Triple ace and aviation legend Brig. Gen. C.E. Bud Anderson died Friday at his home in Auburn, California, at the age of 102. Anderson earned 16 kills in the European Theater during the Second World War and The New York Times says he was the last of the triple aces of his era. He reportedly died in his sleep. Anderson was a P-51 pilot in the Second World War assigned to the 357th Fighter Group and flew with Brig. Gen. Chuck Yeager. He continued his career after the war, joining the flight test program at Wright Patterson Air Force Base in Ohio before flying 25 missions in an F-105 Thunderchief in Vietnam as a wing commander. He retired in 1972 and joined McDonnell Aircraft Company at Edwards Air Force Base as head of flight test.

Anderson was a longtime EAA Warbirds supporter and regular attendee at AirVenture flying a P-51 with the Old Crow nose art that he used in Europe. He flew in a two-seat P-51 at AirVenture 2022 and attended the 2023 show. EAA Warbirds of America said, “Bud was our friend and in a very special way a part of our Warbird family.” Tributes are pouring in for Anderson. Funeral arrangements have not been announced.

Russ Niles
Russ Niles is Editor-in-Chief of AVweb. He has been a pilot for 30 years and joined AVweb 22 years ago. He and his wife Marni live in southern British Columbia where they also operate a small winery.


  1. McDonnell Douglas, perhaps?

    Pretty much the last anything of your era at 102…

    Another on the list of biographies I need to read.

  2. RIP General Anderson. Years ago at the biplane fly-in at Bartlesville I had the pleasure of speaking with him for a bit.

  3. I’ve spoken to General Anderson a number of times at Oshkosh and he was the nicest guy you’d ever want to meet. He’s a member of “The Greatest Generation” and it showed.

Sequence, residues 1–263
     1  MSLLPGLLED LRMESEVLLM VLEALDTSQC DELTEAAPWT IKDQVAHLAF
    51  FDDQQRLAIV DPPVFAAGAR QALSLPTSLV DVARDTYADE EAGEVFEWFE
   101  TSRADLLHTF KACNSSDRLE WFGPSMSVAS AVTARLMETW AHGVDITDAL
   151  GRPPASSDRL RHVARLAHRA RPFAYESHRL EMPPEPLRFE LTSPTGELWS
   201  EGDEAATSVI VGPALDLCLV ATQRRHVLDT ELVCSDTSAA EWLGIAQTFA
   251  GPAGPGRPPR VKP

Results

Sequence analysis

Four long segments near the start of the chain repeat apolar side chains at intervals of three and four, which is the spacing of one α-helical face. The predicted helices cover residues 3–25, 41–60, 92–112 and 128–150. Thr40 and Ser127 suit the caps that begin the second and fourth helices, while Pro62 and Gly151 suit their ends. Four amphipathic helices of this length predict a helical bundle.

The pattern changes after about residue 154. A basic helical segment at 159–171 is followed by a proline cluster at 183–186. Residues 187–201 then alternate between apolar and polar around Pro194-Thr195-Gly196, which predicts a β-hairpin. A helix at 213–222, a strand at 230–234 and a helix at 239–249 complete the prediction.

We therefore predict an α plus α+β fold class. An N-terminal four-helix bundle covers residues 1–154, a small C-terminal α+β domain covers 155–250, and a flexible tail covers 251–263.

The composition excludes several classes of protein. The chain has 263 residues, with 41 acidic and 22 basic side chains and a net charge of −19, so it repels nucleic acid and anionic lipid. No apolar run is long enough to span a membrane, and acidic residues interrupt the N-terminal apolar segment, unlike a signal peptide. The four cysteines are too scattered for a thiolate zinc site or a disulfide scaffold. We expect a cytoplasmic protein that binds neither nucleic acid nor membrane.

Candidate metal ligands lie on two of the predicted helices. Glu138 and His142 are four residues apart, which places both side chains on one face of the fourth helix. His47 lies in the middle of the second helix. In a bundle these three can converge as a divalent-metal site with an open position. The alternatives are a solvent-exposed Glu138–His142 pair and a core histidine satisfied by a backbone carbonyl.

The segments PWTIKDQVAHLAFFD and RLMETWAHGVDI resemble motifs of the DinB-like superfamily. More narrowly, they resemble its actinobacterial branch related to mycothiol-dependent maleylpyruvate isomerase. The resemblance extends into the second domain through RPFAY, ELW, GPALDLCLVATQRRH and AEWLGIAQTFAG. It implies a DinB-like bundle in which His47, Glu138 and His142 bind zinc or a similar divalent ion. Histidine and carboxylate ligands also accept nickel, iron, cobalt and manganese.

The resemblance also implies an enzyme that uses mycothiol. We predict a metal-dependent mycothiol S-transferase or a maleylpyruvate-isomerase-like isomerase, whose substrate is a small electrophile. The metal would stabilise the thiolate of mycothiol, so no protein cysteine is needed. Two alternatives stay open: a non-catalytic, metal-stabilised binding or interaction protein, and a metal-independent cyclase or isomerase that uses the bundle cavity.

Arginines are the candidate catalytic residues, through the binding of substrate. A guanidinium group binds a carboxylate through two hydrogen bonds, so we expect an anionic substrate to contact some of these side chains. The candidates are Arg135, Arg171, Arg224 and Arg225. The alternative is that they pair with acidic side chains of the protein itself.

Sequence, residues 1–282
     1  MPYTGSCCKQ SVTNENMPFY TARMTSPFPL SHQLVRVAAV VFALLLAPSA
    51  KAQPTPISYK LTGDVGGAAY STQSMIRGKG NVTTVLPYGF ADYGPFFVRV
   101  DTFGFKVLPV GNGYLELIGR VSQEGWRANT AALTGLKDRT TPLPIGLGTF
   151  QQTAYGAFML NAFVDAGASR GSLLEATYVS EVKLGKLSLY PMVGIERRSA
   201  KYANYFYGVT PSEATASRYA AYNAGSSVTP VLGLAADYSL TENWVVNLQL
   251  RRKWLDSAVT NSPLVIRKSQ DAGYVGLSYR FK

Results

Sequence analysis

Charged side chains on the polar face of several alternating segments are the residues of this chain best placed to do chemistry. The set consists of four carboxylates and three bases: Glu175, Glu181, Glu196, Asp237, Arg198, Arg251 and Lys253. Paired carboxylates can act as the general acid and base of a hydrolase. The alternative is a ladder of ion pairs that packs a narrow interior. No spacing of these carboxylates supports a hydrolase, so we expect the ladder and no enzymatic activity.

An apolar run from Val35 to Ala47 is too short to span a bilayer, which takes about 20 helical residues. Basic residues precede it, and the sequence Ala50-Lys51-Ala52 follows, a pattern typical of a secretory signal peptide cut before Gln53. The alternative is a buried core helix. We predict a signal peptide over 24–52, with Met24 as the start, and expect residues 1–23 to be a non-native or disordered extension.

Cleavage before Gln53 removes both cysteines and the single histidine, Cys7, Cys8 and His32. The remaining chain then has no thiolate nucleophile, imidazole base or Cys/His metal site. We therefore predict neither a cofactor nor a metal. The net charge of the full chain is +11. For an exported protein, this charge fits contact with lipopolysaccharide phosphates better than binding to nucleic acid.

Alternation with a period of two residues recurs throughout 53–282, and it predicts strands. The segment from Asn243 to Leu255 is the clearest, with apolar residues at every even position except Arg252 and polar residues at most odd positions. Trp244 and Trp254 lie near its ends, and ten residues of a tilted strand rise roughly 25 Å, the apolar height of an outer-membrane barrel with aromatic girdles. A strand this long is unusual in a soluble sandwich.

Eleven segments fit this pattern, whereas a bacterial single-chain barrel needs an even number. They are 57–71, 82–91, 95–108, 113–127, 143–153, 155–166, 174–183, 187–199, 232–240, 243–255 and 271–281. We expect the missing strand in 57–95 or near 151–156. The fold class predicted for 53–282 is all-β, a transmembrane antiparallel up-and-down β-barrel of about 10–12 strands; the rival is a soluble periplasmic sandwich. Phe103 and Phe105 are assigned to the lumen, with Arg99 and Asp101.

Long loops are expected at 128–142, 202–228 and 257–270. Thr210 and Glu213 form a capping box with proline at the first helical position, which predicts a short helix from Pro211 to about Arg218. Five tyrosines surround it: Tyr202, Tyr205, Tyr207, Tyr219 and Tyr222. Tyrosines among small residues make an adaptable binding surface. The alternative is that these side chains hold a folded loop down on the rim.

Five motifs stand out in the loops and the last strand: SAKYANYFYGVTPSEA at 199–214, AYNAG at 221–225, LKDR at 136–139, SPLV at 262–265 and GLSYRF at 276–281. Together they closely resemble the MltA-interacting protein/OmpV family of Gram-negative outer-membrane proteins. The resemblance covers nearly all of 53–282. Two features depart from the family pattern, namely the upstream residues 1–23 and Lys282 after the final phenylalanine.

Rest in peace sir – you’ve served your Country well.
    Old Crow forever…

  4. We were fortunate to have Gen. Bud Anderson and his son, give a talk at a EAA1541 chapter meeting in 2022, at the Lincoln Airport, KLHM. At 100, he spoke clearly on his career.
    His book is well worth getting.

  5. A true military man and soldier! All that he had previously done, then to fly 25 very dangerous missions in an F105 in Vietnam. Sir, wish I would have had a chance to stand before you and salute.

    • Brig. Gen. Clarence “Bud” Anderson’s contributions to aviation and his remarkable service record make him a revered figure in military history. His legacy as an exemplary airborne warrior serves as an inspiration to generations of pilots and aviation enthusiasts, embodying the spirit of courage, dedication, and excellence. May He rest In Peace.

  6. A true gentleman and a Patriot in addition to being a great pilot. He always made time to talk to the kids and adults as well, very personable and approachable. Bud made those he met feel comfortable and at ease when they were around him. As I said, a true gentleman. God Speed Bud.